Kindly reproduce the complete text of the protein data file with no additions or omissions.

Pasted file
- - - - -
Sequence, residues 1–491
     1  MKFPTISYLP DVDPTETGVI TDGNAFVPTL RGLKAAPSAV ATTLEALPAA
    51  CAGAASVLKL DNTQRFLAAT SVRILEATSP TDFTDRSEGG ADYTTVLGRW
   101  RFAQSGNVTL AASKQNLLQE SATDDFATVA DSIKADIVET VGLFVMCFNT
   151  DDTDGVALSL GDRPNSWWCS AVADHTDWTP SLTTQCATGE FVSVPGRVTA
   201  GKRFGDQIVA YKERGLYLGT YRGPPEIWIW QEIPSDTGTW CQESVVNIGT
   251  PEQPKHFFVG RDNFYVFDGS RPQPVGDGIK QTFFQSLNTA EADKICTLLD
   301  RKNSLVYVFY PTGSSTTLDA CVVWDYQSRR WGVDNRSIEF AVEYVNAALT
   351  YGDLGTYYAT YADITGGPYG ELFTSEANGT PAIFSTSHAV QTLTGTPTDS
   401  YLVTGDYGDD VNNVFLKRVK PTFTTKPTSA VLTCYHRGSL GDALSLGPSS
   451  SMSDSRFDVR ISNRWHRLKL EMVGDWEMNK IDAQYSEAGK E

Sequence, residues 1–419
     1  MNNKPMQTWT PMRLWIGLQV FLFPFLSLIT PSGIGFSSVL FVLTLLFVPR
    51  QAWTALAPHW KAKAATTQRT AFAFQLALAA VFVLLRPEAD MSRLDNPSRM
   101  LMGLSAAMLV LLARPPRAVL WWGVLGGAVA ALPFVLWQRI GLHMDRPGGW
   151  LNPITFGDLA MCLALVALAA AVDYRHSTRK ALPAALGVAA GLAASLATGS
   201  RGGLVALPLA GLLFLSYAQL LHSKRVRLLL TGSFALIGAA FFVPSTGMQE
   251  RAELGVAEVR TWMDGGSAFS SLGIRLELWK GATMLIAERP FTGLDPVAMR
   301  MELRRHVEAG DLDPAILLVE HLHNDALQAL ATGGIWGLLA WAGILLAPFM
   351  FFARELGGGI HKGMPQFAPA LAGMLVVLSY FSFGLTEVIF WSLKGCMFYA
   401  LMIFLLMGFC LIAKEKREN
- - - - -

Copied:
Sequence, residues 1–491
     1  MKFPTISYLP DVDPTETGVI TDGNAFVPTL RGLKAAPSAV ATTLEALPAA
    51  CAGAASVLKL DNTQRFLAAT SVRILEATSP TDFTDRSEGG ADYTTVLGRW
   101  RFAQSGNVTL AASKQNLLQE SATDDFATVA DSIKADIVET VGLFVMCFNT
   151  DDTDGVALSL GDRPNSWWCS AVADHTDWTP SLTTQCATGE FVSVPGRVTA
   201  GKRFGDQIVA YKERGLYLGT YRGPPEIWIW QEIPSDTGTW CQESVVNIGT
   251  PEQPKHFFVG RDNFYVFDGS RPQPVGDGIK QTFFQSLNTA EADKICTLLD
   301  RKNSLVYVFY PTGSSTTLDA CVVWDYQSRR WGVDNRSIEF AVEYVNAALT
   351  YGDLGTYYAT YADITGGPYG ELFTSEANGT PAIFSTSHAV QTLTGTPTDS
   401  YLVTGDYGDD VNNVFLKRVK PTFTTKPTSA VLTCYHRGSL GDALSLGPSS
   451  SMSDSRFDVR ISNRWHRLKL EMVGDWEMNK IDAQYSEAGK E

Sequence, residues 1–419
     1  MNNKPMQTWT PMRLWIGLQV FLFPFLSLIT PSGIGFSSVL FVLTLLFVPR
    51  QAWTALAPHW KAKAATTQRT AFAFQLALAA VFVLLRPEAD MSRLDNPSRM
   101  LMGLSAAMLV LLARPPRAVL WWGVLGGAVA ALPFVLWQRI GLHMDRPGGW
   151  LNPITFGDLA MCLALVALAA AVDYRHSTRK ALPAALGVAA GLAASLATGS
   201  RGGLVALPLA GLLFLSYAQL LHSKRVRLLL TGSFALIGAA FFVPSTGMQE
   251  RAELGVAEVR TWMDGGSAFS SLGIRLELWK GATMLIAERP FTGLDPVAMR
   301  MELRRHVEAG DLDPAILLVE HLHNDALQAL ATGGIWGLLA WAGILLAPFM
   351  FFARELGGGI HKGMPQFAPA LAGMLVVLSY FSFGLTEVIF WSLKGCMFYA
   401  LMIFLLMGFC LIAKEKREN